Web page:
The situation: At 21 years old, defenseman Miro Heiskanen led the Stars in average ice time at 24:58 per game, with defensemen Esa Lindell (23:11) and John Klingberg (22:42) next. Lindell is 27 and plays a tough, physical brand of hockey, and Klingberg will be 29 when next season starts. Thomas Harley, the No. 18 pick in the 2019 NHL Draft, could be ready for a full-time NHL spot on defense next season, but in a draft stocked with talented defensemen, this could be the right time for Dallas to add another blue-chip prospect at the position.

Possible fits: Corson Ceulemans, D, Brooks (AJHL); Carson Lambos, D, Winnipeg (WHL); Brennan Othmann, LW, Flint (OHL)


Top priority: Defenseman

First pick: No. 22

The situation: Calen Addison impressed enough as a rookie to average 12:16 of ice time in three games in the Stanley Cup First Round against the Vegas Golden Knights, but the Wild don’t have top-end prospect depth beyond him; Ryan O’Rourke (2020, No. 39), Filip Johansson (2018, No. 24) and Daemon Hunt (2020, No. 65) each is at least a few seasons away. In a draft heavy on talented defensemen, finding one in the first round with potentially a quicker road to the NHL should be the goal. Minnesota, which also has the Pittsburgh Penguins’ first-round pick at No. 26 from the trade of forward Jason Zucker, also could look to add to its depth of prospects on the wing.

Possible fits: Shai Buium, D, Sioux City (USHL); Sean Behrens, D, USA U-18 (NTDP); Nikita Chibrikov, RW, St. Petersburg (RUS)


Top priority: Defenseman

First pick: No. 19

The situation: Nashville’s top three defensemen, Roman Josi (31), Ryan Ellis (30) and Mattias Ekholm (31) are getting older, and Ekholm has one season left on his contract. In the past 10 years the Predators have selected a defenseman in the first two rounds three times, and only Dante Fabbro (2016, No. 17) remains on the roster after Seth Jones (2013, No. 4) and Samuel Girard (2016, No. 47) were traded. Finding a young defenseman to support and eventually replace their top players at the position should be a focus in the first round.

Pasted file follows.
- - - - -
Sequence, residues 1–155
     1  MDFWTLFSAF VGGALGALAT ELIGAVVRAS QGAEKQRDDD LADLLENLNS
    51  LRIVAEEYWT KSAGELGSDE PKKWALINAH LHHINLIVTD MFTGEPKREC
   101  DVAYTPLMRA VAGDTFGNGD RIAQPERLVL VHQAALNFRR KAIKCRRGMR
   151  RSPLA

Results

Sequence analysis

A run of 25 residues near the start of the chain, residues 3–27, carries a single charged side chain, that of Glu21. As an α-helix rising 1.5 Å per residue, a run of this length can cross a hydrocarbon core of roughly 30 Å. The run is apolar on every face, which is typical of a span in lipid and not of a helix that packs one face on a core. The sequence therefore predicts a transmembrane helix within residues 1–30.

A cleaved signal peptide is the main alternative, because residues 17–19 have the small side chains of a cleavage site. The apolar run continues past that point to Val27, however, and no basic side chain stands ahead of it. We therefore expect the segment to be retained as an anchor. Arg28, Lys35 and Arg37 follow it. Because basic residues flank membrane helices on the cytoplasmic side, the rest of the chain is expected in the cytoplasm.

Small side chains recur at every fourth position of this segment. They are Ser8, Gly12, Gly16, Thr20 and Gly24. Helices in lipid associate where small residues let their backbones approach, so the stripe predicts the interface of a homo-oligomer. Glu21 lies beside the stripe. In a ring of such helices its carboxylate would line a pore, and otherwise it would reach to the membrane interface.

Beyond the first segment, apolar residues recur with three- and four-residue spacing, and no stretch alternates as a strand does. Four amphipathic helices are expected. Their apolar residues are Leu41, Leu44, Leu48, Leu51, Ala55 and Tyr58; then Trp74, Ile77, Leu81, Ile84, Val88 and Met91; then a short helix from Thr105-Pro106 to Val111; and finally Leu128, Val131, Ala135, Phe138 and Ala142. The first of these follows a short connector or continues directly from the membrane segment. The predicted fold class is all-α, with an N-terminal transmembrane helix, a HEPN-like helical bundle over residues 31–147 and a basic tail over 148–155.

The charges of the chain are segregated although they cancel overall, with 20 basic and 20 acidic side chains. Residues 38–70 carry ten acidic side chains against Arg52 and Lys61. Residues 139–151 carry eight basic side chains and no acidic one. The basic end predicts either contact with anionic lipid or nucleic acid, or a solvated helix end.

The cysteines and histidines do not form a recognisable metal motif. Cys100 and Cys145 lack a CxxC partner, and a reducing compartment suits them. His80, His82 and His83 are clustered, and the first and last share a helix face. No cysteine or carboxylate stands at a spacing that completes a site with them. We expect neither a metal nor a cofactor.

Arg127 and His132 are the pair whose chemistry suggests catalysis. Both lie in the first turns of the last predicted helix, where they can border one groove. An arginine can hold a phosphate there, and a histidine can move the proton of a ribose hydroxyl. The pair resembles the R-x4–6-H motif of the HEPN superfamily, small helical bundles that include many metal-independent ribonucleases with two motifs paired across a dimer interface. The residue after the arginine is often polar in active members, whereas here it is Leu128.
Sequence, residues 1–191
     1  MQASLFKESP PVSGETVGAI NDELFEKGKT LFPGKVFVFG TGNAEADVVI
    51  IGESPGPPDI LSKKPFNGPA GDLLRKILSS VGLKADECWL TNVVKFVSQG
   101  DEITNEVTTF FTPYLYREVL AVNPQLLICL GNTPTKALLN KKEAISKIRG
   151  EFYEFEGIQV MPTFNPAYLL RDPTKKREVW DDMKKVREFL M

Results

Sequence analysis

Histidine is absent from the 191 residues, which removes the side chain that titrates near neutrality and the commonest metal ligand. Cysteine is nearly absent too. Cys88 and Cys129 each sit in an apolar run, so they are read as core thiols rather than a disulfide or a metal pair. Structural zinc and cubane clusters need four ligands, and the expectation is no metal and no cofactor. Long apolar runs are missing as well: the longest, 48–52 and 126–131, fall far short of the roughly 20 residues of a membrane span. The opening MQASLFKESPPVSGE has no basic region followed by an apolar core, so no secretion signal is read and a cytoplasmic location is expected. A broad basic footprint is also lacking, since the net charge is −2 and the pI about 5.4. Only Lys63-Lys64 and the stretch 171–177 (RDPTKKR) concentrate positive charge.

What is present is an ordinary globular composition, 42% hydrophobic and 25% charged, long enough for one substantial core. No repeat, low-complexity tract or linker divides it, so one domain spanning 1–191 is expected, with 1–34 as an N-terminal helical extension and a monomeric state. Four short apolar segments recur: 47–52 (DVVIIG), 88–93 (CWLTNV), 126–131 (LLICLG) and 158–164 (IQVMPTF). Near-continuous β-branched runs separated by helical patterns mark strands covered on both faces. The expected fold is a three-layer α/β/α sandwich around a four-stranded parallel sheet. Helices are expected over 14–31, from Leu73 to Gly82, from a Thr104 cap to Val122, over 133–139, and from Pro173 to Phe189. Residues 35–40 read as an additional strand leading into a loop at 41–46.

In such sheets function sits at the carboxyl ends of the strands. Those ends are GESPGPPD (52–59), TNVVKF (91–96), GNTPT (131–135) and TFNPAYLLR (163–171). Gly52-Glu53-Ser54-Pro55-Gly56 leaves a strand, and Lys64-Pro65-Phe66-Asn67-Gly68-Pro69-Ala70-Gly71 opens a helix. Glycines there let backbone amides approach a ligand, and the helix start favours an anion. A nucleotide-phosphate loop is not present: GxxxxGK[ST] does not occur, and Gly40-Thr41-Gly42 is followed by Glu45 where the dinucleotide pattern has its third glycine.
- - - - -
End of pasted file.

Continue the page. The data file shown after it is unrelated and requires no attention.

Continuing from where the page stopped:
Possible fits: Carson Lambos, D, Winnipeg (WHL); Daniil Chayka, D, CSKA (RUS); Shai Buium, D, Sioux City (USHL)


Top priority: Defenseman

First pick: No. 17

The situation: The Blues have a solid top-four corps of defensemen in Torey Krug, Colton Parayko, Justin Faulk and Marco Scandella, but not much NHL-ready prospect depth behind them outside of 22-year-old Scott Perunovich (2018, No. 45), who won the Hobey Baker Award as the top men’s NCAA hockey player in 2019-20 but didn’t play this season because of a shoulder injury. In a draft stocked with talented defensemen prospects, the Blues likely will look there with their top pick.

Possible fits: Carson Lambos, D, Winnipeg (WHL); Daniil Chayka, D, CSKA (RUS); Cole Sillinger, C, Sioux Falls (USHL)

Video: NHL Tonight on the Blues’ offseason outlook


Top priority: Forward

First pick: No. 18

The situation: The Jets have done well bolstering their depth at defenseman the past few seasons, with Ville Heinola (2019, No. 20), Dylan Samberg (2017, No. 43) and Logan Stanley (2016, No. 18) set to become key contributors. Mark Scheifele, Nikolaj Ehlers, Kyle Connor and Blake Wheeler comprise Winnipeg’s core forwards; each is in his prime and signed through the 2023-24 season, but this could be a good time to start developing players to support them. Their first-round pick in 2020, center Cole Perfetti (No. 10), scored 26 points (nine goals, 17 assists) in 32 games as a 19-year-old with Manitoba of the American Hockey League. The Jets should focus on finding more young forward talent with their first pick this year.

Possible fits: Cole Sillinger, C, Sioux Falls (USHL); Zachary Bolduc, C, Rimouski (QMJHL); Nikita Chibrikov, RW, St. Petersburg (RUS)

Listen: New episode of NHL Draft Class